Recently, though, as I listen to Ratatat or the “TRON: Legacy” soundtrack, Jarre keeps coming to mind. I think that his contribution to electronica is under-recognized, so this week, I decided to take the bull by the horns and listen to his breakout album “Oxygene” critically, perhaps for the first time ever.
A caveat - Jarre wasn’t that great of a keyboardist, but I don’t think that piano technique was his priority. He was a synthesist, and as a craftsman of recorded ambience, he was quite the innovator in his day. When “Oxygene” was released in 1976, there was no ProTools or Ableton, and computers ran on little paper cards. Jarre was working with 8-track recorders and ARP synthesizers, and considering these tools, it’s a testament to his exploratory vision that the ambient depth of “Oxygene” is so impressive. Its spooky sci-fi vibe is organic and immersive in a way that subverts the technological conditions under which it was constructed. It’s actually a pretty innovative ambient achievement.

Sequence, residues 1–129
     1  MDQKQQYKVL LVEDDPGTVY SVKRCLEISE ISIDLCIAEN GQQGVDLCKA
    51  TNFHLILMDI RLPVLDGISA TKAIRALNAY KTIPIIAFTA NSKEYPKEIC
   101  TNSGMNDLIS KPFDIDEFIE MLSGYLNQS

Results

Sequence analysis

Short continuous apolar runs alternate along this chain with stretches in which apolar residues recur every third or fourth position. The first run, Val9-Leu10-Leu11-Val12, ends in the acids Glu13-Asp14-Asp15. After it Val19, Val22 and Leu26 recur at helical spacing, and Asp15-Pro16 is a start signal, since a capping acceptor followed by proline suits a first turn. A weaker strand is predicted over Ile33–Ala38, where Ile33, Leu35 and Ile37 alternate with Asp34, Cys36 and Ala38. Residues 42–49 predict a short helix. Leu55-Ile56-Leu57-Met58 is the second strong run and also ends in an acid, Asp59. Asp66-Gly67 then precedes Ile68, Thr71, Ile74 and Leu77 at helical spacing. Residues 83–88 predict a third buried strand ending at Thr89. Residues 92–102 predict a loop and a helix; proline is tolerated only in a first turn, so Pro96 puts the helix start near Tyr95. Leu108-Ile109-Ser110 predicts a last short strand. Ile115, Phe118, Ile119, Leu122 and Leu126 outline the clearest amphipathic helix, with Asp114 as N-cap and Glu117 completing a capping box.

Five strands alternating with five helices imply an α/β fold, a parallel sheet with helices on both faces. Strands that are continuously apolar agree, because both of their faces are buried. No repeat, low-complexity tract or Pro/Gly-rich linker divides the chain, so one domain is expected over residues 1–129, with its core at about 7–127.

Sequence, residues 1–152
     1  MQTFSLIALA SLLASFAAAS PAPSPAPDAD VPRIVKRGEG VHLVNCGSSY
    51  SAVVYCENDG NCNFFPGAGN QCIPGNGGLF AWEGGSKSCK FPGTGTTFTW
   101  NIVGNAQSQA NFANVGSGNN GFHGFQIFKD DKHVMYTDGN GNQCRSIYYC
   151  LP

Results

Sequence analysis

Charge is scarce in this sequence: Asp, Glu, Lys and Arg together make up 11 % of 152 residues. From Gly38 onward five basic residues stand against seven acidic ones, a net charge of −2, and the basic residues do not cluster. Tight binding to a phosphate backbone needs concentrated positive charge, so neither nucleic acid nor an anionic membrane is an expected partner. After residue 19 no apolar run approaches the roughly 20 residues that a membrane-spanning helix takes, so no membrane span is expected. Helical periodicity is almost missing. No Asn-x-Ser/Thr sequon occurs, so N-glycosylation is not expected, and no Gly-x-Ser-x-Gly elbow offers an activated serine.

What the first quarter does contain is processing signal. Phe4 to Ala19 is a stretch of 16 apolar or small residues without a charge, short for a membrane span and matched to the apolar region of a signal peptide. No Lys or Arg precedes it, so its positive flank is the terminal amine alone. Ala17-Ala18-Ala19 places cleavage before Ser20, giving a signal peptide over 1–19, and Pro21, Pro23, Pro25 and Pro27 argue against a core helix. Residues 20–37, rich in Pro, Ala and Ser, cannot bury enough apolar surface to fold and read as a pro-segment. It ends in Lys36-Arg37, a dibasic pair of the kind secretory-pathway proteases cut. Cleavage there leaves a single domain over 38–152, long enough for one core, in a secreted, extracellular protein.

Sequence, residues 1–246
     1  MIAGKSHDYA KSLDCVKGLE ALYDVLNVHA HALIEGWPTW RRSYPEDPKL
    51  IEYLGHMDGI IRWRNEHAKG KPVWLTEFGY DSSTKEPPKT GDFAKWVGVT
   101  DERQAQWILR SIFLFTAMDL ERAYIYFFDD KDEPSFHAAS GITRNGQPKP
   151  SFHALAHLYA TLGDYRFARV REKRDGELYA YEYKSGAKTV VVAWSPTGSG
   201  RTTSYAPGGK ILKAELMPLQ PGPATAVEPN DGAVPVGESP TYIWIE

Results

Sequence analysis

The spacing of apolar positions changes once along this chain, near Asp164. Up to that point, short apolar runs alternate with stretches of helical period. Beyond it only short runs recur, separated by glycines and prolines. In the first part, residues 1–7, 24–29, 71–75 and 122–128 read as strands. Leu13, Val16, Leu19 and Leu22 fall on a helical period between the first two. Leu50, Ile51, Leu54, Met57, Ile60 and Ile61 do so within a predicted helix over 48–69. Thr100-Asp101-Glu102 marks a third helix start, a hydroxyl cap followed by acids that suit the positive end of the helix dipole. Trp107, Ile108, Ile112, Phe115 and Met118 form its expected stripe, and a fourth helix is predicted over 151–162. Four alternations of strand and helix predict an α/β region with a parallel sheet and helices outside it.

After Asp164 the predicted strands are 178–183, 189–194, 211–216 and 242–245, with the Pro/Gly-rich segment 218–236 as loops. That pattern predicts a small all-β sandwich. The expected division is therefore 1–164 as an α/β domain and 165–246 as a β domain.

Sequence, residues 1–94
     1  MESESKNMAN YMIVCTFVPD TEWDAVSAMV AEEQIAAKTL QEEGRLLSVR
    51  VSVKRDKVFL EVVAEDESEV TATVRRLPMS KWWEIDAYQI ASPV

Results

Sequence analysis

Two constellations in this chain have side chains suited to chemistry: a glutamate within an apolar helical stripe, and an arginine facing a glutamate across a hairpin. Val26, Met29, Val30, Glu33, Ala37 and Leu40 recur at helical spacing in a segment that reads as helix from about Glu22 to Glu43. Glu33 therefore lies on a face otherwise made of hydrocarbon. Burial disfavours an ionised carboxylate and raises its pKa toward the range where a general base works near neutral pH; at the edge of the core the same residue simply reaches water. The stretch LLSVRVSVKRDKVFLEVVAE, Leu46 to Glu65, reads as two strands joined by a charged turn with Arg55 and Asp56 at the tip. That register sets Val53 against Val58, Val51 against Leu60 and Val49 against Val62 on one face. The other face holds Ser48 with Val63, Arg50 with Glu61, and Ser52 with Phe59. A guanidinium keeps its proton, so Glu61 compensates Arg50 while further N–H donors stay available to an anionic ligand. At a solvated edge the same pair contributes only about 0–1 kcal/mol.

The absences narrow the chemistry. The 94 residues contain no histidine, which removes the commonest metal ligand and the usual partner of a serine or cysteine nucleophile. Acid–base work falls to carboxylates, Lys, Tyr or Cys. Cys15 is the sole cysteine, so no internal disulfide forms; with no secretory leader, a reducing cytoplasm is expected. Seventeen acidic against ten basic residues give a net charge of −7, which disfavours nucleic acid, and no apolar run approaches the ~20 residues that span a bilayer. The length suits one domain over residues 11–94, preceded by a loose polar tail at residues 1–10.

Unfortunately, the “ambient” label would not come to exist for another twenty years when bands like Enigma started to have some success in the late 90s. As a result, Jarre ended up in the 80s “New Age” bin more often than not. In 2007, however, he re-recorded a “live” version of “Oxygene” using vintage keyboards, complete with attendant video clips:
Considering that your phone could probably automate what all four of those guys are doing while downloading an app in the background, this performance may seem a little archaic. If, however, you can imagine a much younger Jarre in an early 70s apartment studio multitracking this whole mess by himself, I think it deserves quite a bit of credit.
Back to the original question: why does so much of my current listening remind me of Jarre? I think that my early exposure to Jarre laid the foundation for my understanding of electronica’s ambient potential. Contemporary synthesists construct ambience as a matter of course, but I seem to be particularly attracted to artists that use actual keyboard sounds like the ones that Jarre used. His brand of “imaginary space opera” from this era provides the perspective from which I currently listen to electronic music.